RE: Re: BFD WG adoption for draft-haas-bfd-large-packets

"Les Ginsberg (ginsberg)" <ginsberg@cisco.com> Mon, 29 October 2018 18:13 UTC

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From: "Les Ginsberg (ginsberg)" <ginsberg@cisco.com>
To: Albert Fu <afu14@bloomberg.net>, "jhaas@juniper.net" <jhaas@juniper.net>, "rtg-bfd@ietf.org" <rtg-bfd@ietf.org>
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Date: Mon, 29 Oct 2018 18:13:53 +0000
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Albert –

Do not confuse the current lack of detection with when the problem gets introduced.

The fact that the problem is not detected on protocol adjacency formation does not mean the problem gets introduced afterwards. Unless you are saying that folks change the link MTU AFTER the link comes up and has been used for a while the problem exists as soon as the link comes up. You could therefore detect this in a number of ways:

1)Use IS-IS ☺
2)Enhance other routing protocols to do what IS-IS does
3)Send BFD large packets (Echo or async)
4)Potentially some other OAM mechanism

In regards to #3, unless you believe link MTUs will change “on the fly”, sending the large packets during initial session bringup would be sufficient. If folks are concerned (as I am) that sending large BFD packets all the time introduces some risks for scalability/stability of BFD sessions, then one strategy would be to send the large packets only on session bringup.

FYI, some implementations have knobs on IS-IS to do exactly this i.e., send padded hellos until the adjacency is formed – then revert to small hellos. In the case of BFD I think there is a more compelling reason to be conservative in how often you send large packets given where it is implemented and how often the BFD packets are sent.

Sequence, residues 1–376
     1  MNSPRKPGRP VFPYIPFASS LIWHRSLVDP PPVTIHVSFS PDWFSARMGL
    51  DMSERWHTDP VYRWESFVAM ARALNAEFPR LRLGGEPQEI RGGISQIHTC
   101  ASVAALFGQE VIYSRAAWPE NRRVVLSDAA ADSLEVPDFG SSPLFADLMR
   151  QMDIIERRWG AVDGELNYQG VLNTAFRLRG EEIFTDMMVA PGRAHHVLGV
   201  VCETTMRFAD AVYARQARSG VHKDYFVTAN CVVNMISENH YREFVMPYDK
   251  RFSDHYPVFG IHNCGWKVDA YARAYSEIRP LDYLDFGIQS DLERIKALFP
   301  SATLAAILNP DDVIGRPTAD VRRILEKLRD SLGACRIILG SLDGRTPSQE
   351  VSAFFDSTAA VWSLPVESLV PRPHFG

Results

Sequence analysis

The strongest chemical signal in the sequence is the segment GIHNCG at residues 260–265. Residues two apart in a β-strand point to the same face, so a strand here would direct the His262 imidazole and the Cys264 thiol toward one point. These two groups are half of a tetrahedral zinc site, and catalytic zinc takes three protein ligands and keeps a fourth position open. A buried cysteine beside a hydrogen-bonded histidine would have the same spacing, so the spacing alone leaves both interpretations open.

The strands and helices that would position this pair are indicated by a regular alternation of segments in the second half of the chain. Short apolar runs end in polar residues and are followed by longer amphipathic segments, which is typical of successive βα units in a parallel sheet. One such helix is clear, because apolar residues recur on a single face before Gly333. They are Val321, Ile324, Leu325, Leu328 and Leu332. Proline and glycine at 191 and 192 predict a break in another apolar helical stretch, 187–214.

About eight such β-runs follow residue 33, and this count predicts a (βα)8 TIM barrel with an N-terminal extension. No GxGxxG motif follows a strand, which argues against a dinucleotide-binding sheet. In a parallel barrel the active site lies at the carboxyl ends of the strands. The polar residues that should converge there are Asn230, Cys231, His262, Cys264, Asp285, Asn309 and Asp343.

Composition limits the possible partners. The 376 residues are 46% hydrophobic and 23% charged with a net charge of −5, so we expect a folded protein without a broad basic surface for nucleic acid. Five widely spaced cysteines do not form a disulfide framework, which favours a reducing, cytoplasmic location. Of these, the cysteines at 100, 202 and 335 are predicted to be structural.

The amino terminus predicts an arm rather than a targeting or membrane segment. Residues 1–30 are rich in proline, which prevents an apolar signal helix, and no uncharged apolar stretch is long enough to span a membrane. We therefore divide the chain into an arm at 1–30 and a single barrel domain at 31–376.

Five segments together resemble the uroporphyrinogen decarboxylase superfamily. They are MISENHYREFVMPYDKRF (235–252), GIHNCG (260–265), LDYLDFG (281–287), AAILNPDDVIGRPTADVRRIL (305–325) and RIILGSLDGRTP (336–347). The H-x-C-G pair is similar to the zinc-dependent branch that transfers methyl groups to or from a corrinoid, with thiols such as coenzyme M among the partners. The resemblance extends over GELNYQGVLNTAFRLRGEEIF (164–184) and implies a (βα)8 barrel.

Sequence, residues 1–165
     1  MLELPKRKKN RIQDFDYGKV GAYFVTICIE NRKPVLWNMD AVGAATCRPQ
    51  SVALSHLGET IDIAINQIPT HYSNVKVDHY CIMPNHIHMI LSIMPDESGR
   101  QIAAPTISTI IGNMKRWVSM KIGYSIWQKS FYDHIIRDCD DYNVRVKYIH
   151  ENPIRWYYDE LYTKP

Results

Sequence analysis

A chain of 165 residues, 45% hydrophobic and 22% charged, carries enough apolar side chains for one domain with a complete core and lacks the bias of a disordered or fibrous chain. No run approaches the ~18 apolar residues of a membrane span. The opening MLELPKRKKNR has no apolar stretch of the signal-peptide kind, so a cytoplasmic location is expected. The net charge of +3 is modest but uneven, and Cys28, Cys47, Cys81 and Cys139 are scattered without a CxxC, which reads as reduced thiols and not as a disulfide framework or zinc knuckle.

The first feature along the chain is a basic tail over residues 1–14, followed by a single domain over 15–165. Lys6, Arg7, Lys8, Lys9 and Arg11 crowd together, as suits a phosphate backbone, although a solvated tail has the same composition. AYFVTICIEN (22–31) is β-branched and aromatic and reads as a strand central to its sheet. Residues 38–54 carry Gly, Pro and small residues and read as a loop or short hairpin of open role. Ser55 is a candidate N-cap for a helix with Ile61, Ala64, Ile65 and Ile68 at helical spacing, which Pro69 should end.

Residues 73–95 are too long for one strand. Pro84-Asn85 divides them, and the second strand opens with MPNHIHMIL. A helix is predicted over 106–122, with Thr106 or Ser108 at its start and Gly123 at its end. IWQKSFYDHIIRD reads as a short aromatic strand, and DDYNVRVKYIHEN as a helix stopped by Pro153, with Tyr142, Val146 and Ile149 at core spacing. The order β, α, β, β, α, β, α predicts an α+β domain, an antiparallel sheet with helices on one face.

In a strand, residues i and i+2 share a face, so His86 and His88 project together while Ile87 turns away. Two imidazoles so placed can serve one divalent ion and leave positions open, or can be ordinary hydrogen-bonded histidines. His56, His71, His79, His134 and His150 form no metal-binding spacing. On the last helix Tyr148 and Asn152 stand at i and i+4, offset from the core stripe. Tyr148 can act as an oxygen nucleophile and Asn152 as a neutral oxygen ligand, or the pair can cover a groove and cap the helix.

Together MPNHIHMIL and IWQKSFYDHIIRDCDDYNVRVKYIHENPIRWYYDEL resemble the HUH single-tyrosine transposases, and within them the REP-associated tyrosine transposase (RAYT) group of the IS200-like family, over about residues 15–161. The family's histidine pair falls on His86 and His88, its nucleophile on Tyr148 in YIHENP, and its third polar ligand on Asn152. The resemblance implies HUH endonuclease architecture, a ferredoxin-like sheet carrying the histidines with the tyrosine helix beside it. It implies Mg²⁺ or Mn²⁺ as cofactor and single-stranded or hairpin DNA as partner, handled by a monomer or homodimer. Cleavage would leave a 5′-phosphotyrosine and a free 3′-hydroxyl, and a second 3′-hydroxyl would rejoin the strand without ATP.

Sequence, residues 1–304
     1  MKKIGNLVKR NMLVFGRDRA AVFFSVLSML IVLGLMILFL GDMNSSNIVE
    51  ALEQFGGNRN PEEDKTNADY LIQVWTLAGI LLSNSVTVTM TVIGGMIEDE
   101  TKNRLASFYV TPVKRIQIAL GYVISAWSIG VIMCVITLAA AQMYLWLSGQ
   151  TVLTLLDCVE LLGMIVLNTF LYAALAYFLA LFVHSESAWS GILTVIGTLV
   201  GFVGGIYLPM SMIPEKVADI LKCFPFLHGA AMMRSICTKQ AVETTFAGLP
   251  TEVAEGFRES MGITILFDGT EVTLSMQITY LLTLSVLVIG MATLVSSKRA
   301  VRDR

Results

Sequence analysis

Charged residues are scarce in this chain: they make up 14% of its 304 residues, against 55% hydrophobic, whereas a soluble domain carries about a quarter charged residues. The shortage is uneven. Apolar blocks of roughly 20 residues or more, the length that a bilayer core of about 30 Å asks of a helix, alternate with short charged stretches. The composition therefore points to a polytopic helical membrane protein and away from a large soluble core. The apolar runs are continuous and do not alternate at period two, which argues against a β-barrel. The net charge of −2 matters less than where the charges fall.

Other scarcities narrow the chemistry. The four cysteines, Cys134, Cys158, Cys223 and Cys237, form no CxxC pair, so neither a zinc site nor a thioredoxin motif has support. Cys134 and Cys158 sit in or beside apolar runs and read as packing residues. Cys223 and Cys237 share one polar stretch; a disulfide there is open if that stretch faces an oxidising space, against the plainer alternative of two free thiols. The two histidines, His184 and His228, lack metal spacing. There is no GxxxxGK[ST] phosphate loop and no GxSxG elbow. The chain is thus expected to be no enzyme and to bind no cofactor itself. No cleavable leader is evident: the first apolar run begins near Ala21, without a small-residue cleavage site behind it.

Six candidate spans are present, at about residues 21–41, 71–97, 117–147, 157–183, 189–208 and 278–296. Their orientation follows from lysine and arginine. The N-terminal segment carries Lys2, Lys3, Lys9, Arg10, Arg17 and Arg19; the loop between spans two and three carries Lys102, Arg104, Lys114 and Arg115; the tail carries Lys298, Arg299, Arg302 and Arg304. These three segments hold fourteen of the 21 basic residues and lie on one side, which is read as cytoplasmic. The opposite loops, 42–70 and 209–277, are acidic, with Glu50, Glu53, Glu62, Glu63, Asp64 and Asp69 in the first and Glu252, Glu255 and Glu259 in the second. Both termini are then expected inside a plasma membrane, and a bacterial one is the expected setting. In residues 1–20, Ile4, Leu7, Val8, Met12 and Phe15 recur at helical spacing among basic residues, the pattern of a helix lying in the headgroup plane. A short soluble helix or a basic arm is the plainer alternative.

Les



From: Albert Fu (BLOOMBERG/ 120 PARK) <afu14@bloomberg.net>
Sent: Monday, October 29, 2018 10:39 AM
To: Les Ginsberg (ginsberg) <ginsberg@cisco.com>om>; jhaas@juniper.net; rtg-bfd@ietf.org
Subject: Re: BFD WG adoption for draft-haas-bfd-large-packets

Hi Les,

> Jeff/Albert -
>
> Given the MTU issue is associated with a link coming up - and the use of Echo would allow the problem to be detected and prevent the BFD session from coming up -
> and you are acknowledging that the protocol allows padded Echo packets today ...
>
> is there really a need to do anything more?
>
> Les
>

Actually, all the issues we have observed were not associated
with link going up. The MTU issues occurred after OSPF/BGP had
established adjacency without any events on the routers.
ospf/BGP hellos/keepalives continued to be transmitted fine (small
packet size), but applications sending max size packets over the
link would time out and fail.

Hence, I mentioned several times that this issue is rather time
consuming to troubleshoot, as the cause is with the Telco network
and outside of our control and we do not see any alarms.

I did also look at BFD echo mode. As Jeff indicated, this is not
widely deployed (among the vendors we use, only one supports it).

Thanks
Albert